In promulgating President Lincoln's preliminary proclamation of emancipation, General Banks, commanding the Department of the Gulf, issued an address to the people of Louisiana in order to correct public misapprehension and misrepresentation, for the instruction of the troops of his Department, and the information of all parties in interest.--(Doc. 86.)
A letter from Alexander H. Stephens, Vice-President of the rebel government, written on the 24th of December, 1860, was made public. In it occurs the following: “While I hope for the best, I am prepared for the worst. The election of Mr. Lincoln, I am well persuaded, is owing much more to the divisions of the Democratic party, and the disastrous personal strifes among its leaders at Charleston and at Baltimore, than to any fixed determination on the part of a majority of the people of the North to wage an exterminating war against Southern institutions. Disappointed ambition has much to do with the origin of our present troubles; the same cause will be greatly in the way of amicable and satisfactory adjustment. I can but believe that there is still enough patriotism in the land, North as well as South, to save the present Union under the existing Constitution, with all its guarantees and obligations, if the great heart of the nation can be touched and aroused. All that is wanting is a little time and patriotic forbearance.” --A brief skirmish took place in the vicinity of Munfordville, Ky., between a detachment of the Second Michigan cavalry, under the command of Lieutenant Darrow, and the advance-guard of the rebel forces, under General J. H. Morgan, resulting in a retreat of the latter with some loss.--(Doc. 88.)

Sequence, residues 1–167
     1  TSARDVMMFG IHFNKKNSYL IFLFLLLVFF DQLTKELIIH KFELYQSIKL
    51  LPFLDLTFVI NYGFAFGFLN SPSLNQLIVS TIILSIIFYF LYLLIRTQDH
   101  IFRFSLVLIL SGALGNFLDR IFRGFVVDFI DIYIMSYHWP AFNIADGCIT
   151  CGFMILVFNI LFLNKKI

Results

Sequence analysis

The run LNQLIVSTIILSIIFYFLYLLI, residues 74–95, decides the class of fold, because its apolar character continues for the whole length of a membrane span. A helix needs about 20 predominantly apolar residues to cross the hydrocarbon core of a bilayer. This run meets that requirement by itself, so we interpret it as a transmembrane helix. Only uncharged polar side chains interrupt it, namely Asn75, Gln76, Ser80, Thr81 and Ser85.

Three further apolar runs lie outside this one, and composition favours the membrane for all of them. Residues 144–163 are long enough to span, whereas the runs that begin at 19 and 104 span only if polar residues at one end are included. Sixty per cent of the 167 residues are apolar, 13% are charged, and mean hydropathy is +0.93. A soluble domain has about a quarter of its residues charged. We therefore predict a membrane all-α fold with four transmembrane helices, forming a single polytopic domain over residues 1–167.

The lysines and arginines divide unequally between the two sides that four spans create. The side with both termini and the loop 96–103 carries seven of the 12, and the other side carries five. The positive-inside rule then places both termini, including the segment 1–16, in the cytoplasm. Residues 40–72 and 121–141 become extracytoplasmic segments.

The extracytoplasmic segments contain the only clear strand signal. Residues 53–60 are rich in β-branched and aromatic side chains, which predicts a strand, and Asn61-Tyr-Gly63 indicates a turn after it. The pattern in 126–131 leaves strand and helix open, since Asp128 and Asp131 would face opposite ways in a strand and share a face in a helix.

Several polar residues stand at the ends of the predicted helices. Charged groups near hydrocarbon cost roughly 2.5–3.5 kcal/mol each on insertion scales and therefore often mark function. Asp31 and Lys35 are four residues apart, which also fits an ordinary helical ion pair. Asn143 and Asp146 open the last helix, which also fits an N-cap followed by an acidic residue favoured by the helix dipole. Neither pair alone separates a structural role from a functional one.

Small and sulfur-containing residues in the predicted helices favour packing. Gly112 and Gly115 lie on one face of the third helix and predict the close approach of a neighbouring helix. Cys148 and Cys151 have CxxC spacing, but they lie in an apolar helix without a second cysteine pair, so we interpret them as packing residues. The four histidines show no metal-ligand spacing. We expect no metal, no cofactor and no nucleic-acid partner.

The obsequies of Rev. A. B. Fuller, late Chaplain of the Sixteenth regiment of Massachusetts volunteers, killed at Fredericksburgh, Va., took place at Boston, Mass.--A portion of Colonel Spears's Eleventh Pennsylvania cavalry, had a spirited engagement at Joiner's Bridge, four miles above Franklin, on the Blackwater River, Va., with a squadron of rebel cavalry and a body of infantry, whom he dispersed, capturing one man and horse, and three infantry soldiers and their arms.--Philadelphia Inquirer.
A detachment of General Sherman's expeditionary army, under the command of General M. L. Smith, destroyed a section of the Vicksburgh and Texas Railway, about ten miles west of Vicksburgh, and burned the stations at Delhi and Dallas.--(Doc. 91.)